Following on from part 1, here are the final steps to creating your disease or illness.
6. Mode of transmission (for infections)
If you are writing a medical thriller about a deadly new contagion, then you will need to consider how the disease is to be spread.
There are several modes of transmission of infectious diseases.
This is the mode of spread of the common cold. The virus is spread via coughing and sneezing.
Blood and Bodily Fluids (inc sexually transmitted).
Body fluids include saliva, mucus, vomit, faeces, sweat, tears, breast milk, urine, and semen.
In order to contract the disease, the contaminated fluids must be in contact with broken skin ie. wound or cut, or a mucous membrane such as the eye, mouth or inside of the nose.
The most obvious and topical example is Ebola. Other examples include HIV, hepatitis B&C and rabies.
This category also includes the delightful faeco-oral route of transmission, by which the gastroenteritides are spread.
Remember to wash your hands, use a face mask, wear a condom, etc.
Some infectious agents are hardy and can survive for some time outside the host. If deposited onto and object or surface, these can be transferred to whomsoever touches said object.
Not the same as droplet transmission, some infective agents can spread through the air in small droplets or dusts, making them highly contagious.
Examples are measles, smallpox, chicken pox.
The infection can be from a contaminated source, such as a food source, for example salmonella, Listeria.
This refers to spread of a disease via another animal or insect, which acts as a host to transmit the infection, but without succumbing itself. Malaria (via mosquitoes), bubonic plague (via fleas) and Lyme disease (via tick bites) are good examples of this.
What is the outlook for your victims? A few days in bed with a runny nose, or a slow and agonising death from rectal bleeding?
What is the mortality rate? Are the survivors left with chronic halitosis and ugliness?
Conventional treatment can include medication administered through any orifice, into a vein or artery, or even directly into the cerebrospinal fluid.
Other treatment options may include radiotherapy, or a surgical procedure.
Less conventional options might include exorcism or several hours of ritual interpretive dance.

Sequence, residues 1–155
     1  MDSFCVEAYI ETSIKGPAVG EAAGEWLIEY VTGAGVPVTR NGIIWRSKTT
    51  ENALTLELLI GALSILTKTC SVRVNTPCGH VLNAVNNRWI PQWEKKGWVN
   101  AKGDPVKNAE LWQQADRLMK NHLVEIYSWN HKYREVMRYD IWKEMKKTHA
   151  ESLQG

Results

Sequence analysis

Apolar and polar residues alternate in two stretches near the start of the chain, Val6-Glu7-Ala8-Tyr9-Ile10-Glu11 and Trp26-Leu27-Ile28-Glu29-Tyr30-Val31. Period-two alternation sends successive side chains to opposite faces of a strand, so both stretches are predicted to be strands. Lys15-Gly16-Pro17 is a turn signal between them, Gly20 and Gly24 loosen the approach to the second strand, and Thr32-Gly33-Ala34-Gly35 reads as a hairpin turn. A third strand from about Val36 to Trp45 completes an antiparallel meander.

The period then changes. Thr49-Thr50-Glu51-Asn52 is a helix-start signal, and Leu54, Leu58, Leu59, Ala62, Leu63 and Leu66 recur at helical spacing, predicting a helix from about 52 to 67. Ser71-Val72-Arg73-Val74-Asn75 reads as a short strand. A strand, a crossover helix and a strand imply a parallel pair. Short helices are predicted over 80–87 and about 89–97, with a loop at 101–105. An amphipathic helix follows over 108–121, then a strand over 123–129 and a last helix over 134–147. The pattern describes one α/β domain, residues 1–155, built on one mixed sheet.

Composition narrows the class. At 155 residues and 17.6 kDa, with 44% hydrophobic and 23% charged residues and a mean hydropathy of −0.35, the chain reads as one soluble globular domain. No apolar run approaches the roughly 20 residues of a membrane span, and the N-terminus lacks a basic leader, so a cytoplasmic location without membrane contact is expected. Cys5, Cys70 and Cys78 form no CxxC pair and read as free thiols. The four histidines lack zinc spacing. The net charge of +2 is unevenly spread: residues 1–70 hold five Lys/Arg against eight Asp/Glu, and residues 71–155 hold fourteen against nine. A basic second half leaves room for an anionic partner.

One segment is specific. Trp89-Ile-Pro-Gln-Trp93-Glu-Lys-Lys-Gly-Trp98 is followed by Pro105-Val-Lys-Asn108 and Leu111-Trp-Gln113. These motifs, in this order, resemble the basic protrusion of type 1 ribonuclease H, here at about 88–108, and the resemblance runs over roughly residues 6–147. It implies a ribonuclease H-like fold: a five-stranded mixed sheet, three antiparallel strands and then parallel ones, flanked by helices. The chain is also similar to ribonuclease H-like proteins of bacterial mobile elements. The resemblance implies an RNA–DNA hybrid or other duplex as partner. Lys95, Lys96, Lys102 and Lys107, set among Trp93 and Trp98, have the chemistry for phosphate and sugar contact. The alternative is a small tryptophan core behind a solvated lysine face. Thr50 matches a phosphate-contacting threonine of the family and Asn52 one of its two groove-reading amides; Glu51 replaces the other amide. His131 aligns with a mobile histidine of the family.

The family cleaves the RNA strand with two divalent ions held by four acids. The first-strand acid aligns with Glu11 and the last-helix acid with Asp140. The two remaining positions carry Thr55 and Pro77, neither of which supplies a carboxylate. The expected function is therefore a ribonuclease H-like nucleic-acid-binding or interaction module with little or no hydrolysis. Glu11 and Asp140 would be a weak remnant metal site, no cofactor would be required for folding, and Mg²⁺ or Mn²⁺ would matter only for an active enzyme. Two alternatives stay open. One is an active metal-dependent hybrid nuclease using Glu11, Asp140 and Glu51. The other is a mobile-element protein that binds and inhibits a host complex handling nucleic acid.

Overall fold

Perhaps there is no specific treatment; perhaps supportive treatment eg fluids, ventilation, prostatic massage etc while you wait and hope.
Prevention is better than cure; could your hero knock up a vaccine or antidote before time runs out, or are we all DOOMED…..
Like a pet or favourite chainsaw, every disease needs a name, and there are several options available.
Names like measles, mumps and scurvy all date from way back when.
One of the following diseases is genuine… velmish, scrat, orf, mungle, feckle.
I can’t remember which.
Sometimes a disease does exactly what it says on the tin, eg elephantiasis, sleeping sickness, burning mouth syndrome.
Here’s an example from the case files of Urban-Smith;
A tear formed at the corner of the young man’s eye. “As a medical man, you will be familiar with a condition known as stripper’s heel.” I nodded. “Years of wearing clear stilettos had taken a dreadful toll on my mother’s arches. There were some days, when she could barely dance the pole unless heavily medicated with strong opioids. Anyhow, one evening she was returning home from a photo-shoot involving several young gentlemen members of the Putney Athletics Society, when her ankles failed her, causing her to topple from the kerb and into the path of the number sixteen to Chingford.”
Extract from Smoked Havoc.
Most medical terminology is derived from latin or greek, for example; tyrotoxicosis, diabetes mellitus, myasthenia gravis.
Imagine the honour of having a disease named after you. Imagine your family’s pride if your legacy was to be forever associated with an illness, disorder, or better still, a syndrome.
Well known examples include, Down’s syndrome, Parkinson’s disease and Wurlitzer’s organ.
AIDS (acquired immunodeficiency syndrome), SIDS (sudden infant death syndrome), CREST (calcinosis, Raynaud’s phenomenon, (o)esophageal dysmotility, sclerodactyly, telangiectasia).
And some of mine; ARS (Adipose retention syndrome), BaNG (bacterial necrotising gangrenitis), GOBS (gastro oesophageal bullsquat syndrome).
Why not give your disease some back story? Allow your readers to empathise with it, for example;
ARS was first described by Lionel Batface in 1732, after an outbreak of the disease in Manchester killed 36 dock workers. The source of the infection was traced to a boatload of bananas that had arrived from Portugal the previous week.
So there you have it, 10 steps to producing your very own designer malady. What could be more Christmassy?